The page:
As a final step, municipal sewage is chlorinated to kill any pathogenic microorganisms. Advanced treatment of waste involving biological, chemical, and physical methods of disposal is used either to remove plant nutrients that promote excessive growth of algae in water or to remove industrial pollutants, such as heavy metals and non biodegradable organic chemicals. The advanced treatment system at South Lake Tahoe, for instance, produces an effluent that meets drinking-water standards. The system enhances primary- and secondary-treatment coagulation and settling of solid wastes containing phosphorus; it removes nitrogen by means of gas stripping; and it has an activated-carbon absorption and filtration stage. Although effective, advanced systems are much more costly than secondary treatment systems. The Water Pollution Control Act of 1972, as amended in 1977, set a national goal of waters fit for swimming and fishing by 1983 and of no pollutant discharge into these waters by 1985.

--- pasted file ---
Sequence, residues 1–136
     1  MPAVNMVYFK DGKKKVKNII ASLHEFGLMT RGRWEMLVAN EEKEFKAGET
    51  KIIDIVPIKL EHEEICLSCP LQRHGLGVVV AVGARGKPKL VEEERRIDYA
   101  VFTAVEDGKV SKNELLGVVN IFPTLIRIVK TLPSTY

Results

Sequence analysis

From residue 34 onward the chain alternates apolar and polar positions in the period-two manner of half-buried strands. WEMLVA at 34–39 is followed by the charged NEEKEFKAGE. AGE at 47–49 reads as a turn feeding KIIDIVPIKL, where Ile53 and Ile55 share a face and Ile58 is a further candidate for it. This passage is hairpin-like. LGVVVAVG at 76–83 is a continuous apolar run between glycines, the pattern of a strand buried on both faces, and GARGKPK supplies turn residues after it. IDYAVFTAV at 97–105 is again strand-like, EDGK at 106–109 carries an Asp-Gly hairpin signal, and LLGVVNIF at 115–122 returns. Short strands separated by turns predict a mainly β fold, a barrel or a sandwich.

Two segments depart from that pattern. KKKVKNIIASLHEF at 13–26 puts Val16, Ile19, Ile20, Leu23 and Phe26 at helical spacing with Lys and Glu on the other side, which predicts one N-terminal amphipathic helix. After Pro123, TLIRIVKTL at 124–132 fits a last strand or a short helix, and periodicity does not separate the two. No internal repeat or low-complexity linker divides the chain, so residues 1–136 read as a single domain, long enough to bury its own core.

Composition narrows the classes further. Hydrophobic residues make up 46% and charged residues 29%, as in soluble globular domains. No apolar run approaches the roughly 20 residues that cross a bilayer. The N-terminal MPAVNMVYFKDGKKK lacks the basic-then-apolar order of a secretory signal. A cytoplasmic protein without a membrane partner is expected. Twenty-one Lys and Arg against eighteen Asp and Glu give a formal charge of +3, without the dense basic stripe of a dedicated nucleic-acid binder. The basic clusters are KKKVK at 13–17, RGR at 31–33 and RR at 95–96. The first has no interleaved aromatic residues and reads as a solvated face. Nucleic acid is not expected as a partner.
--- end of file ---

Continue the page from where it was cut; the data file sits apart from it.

The act charged the EPA with implementing a program of increasingly stringent effluent standards. The Marine Protection, Research, and Sanctuaries Act (1972) empowered the EPA to control the dumping of sewage wastes and toxic chemicals in the oceans. In 1987 the United States ratified an amendment prohibiting ocean dumping of plastic materials to the Marine Pollution Treaty of 1973 (Mar pol). The states of New York and New Jersey agreed in 1988 to halt the dumping of sludge-the settled material from wastewater treatment-in the Atlantic Ocean by the end of 1991 after sewage, medical waste, and other materials washed ashore and forced the closing of some area beaches. Ted Danson founded the American Oceans Campaign, an organization aimed at protecting our Earth's oceans and coastal waters. Danson says, "Our oceans feed the world, cool our planet, regulate climate, and create nearly 1/2 of the global oxygen supply.

Yet each day, billions of gallons of sewage, pesticides, and industrial chemicals flow into the sea. We must take drastic measures to prevent the incline of this global situation". Danson says. (Science World (#8) ) There are many steps that our society can take in order to ensure the safety of our planet.

All we have to do is care..